GOES-15/GOES-13 6.5 µm water vapor channel images (click to play animation)
Flooding rains have occurred over south Texas during the past two days, and the animation of GOES water vapor imagery, above, and of MIMIC Total Precipitable Water, below, shows two airstreams moving moisture into that region. The GOES-15/GOES-13 Water Vapor image animation, above, shows upper-level moisture moving in from the tropical Pacific south of Mexico (much of it likely outflow from Tropical Storm Octave). MIMIC Total Precipitable Water animation (available from this site), below, shows a concomitant lower-level moisture source, the Gulf of Mexico. Plots at 925 mb, and 850 mb, show moist, easterly flow around a High centered over the mid-Mississippi valley. As a result, total precipitable water values exceeded 200% of normal over a wide region. (Blended Total Precipitable Water products are available here). The high values of Total Precipitable Water persist into the day on 14 October. (Link, analysis from SPC).
MIMIC Total Precipitable Water (click to play animation)
VIIRS 11.45 µm IR image (click to enlarge)
A Suomi-NPP VIIRS 11.45 µm IR image from late in the day on 13 October (above) showed strong convection near Laredo, TX, with very cold cloud tops (brightness temperature values over Mexico are as cold as -92º C!). Applying a different color enhancement, a comparison of this 1-km resolution VIIRS IR image at 20:11 UTC with the corresponding 4-km resolution GOES-13 10.7 µm IR image (below) highlights two advantages of polar orbiter imagery over geostationary imagery: (1) with the higher spatial resolution, the magnitude of the coldest overshooting cloud tops can be assessed: the -92º C minimum cloud-top IR brightness temperature on the VIIRS image was 14º C colder than the -78º C value seen on the GOES-13 image, and (2) with the minimal parallax error of polar orbiter imagery, the exact location of such cloud-top features can be more accurately determined.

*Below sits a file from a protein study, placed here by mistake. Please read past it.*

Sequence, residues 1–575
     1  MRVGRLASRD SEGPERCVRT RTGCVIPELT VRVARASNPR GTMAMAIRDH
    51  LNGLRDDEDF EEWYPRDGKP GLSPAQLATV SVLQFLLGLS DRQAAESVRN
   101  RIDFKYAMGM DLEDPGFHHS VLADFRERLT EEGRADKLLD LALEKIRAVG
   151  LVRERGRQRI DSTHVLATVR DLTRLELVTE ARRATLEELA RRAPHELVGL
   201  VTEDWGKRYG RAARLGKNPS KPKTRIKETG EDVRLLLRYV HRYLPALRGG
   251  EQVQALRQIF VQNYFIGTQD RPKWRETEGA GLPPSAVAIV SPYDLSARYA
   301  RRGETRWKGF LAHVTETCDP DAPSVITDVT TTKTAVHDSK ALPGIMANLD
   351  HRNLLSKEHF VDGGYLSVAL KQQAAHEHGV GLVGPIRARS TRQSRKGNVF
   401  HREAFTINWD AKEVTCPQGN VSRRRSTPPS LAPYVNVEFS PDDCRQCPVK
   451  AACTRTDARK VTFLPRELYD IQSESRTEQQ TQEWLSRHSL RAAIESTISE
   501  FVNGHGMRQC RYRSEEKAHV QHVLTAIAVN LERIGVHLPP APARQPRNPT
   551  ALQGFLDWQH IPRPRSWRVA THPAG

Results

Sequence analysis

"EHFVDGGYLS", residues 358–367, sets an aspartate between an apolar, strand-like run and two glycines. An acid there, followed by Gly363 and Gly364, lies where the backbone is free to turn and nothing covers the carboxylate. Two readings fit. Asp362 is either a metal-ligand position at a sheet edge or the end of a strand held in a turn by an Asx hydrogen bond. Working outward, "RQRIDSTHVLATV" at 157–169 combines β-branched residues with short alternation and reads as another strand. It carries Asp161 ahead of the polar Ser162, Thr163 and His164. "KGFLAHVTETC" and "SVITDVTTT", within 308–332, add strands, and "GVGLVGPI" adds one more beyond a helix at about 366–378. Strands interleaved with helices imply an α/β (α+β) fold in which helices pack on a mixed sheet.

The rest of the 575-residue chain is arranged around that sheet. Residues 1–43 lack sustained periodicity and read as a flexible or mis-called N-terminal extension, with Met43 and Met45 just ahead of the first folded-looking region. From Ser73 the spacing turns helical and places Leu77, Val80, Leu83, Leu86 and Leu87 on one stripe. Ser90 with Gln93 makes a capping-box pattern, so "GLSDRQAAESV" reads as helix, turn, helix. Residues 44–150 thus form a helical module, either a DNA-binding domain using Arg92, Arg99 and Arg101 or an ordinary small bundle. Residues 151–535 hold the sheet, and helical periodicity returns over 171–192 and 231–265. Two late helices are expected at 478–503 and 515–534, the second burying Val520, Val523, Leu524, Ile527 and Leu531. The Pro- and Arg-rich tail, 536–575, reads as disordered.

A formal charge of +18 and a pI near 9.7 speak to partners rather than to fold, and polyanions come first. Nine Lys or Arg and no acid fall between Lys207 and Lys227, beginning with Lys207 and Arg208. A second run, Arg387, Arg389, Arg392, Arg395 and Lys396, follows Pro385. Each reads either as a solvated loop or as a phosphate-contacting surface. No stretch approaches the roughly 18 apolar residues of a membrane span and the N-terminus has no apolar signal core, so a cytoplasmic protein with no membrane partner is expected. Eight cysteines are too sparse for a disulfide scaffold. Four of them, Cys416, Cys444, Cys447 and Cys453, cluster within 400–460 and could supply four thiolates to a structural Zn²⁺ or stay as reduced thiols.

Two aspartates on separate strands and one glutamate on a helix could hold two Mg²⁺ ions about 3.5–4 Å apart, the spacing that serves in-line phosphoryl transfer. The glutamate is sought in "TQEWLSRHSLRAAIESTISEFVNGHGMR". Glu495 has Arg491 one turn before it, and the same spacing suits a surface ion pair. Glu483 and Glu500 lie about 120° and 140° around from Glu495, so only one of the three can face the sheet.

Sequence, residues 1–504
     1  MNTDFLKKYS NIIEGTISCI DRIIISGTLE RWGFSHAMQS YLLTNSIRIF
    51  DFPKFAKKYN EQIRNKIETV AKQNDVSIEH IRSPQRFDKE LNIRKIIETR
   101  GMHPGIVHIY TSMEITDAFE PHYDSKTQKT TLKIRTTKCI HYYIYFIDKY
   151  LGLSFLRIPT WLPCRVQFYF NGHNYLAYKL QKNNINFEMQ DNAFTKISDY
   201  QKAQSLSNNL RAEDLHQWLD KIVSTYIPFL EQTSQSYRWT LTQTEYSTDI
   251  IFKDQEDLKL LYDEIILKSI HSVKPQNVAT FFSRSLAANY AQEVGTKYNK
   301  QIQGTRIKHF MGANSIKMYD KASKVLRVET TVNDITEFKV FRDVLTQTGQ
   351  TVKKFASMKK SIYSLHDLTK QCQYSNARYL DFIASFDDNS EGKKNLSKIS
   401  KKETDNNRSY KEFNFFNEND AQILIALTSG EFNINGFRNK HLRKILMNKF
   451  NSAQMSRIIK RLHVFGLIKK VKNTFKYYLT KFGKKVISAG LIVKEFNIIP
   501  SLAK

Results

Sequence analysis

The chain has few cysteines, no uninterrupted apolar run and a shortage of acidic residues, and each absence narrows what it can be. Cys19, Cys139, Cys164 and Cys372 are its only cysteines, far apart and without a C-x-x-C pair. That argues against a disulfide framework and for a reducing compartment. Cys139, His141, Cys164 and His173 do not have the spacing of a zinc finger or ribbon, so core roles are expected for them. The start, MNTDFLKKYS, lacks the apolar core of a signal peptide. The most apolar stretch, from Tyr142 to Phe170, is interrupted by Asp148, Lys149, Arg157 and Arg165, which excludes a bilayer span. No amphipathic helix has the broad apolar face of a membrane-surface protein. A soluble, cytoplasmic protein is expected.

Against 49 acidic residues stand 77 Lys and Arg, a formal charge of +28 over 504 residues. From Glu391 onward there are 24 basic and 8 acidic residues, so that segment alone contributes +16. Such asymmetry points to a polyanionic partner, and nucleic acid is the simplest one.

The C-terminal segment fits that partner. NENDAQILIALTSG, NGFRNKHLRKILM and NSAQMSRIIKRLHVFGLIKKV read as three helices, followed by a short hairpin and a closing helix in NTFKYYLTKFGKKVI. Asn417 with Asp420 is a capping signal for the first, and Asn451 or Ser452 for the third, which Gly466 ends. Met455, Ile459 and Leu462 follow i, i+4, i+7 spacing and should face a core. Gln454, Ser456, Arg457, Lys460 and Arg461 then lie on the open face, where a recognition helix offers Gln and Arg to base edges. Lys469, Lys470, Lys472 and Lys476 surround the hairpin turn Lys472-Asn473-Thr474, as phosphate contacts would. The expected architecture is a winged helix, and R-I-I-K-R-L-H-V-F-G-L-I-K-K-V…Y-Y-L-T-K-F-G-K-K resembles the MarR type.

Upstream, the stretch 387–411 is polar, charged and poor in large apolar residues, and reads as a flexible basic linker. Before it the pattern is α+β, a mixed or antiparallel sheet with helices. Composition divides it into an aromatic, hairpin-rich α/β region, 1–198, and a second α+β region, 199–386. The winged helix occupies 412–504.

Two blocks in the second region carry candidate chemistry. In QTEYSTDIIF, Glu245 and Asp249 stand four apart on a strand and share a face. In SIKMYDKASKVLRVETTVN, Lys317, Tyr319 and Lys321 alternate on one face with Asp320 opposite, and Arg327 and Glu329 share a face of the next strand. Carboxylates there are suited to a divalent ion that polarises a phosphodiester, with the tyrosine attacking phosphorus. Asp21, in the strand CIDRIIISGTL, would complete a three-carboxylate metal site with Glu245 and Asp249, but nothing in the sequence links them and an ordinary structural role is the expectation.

Suomi NPP VIIRS 11.45 µm IR and GOES-13 10.7 µm IR channel images
The result of the strong convection near 2100 UTC, and from other convection apparent in the water vapor animation at top, was a broad region of heavy rains, (obtained from this site) shown below. Some of these rains fell over regions of Texas in drought (as shown here), so where damage was minimal, the heavy rains could be considered beneficial.
24-hour precipitation over Texas valid 1200 UTC 14 October from this site (click to enlarge)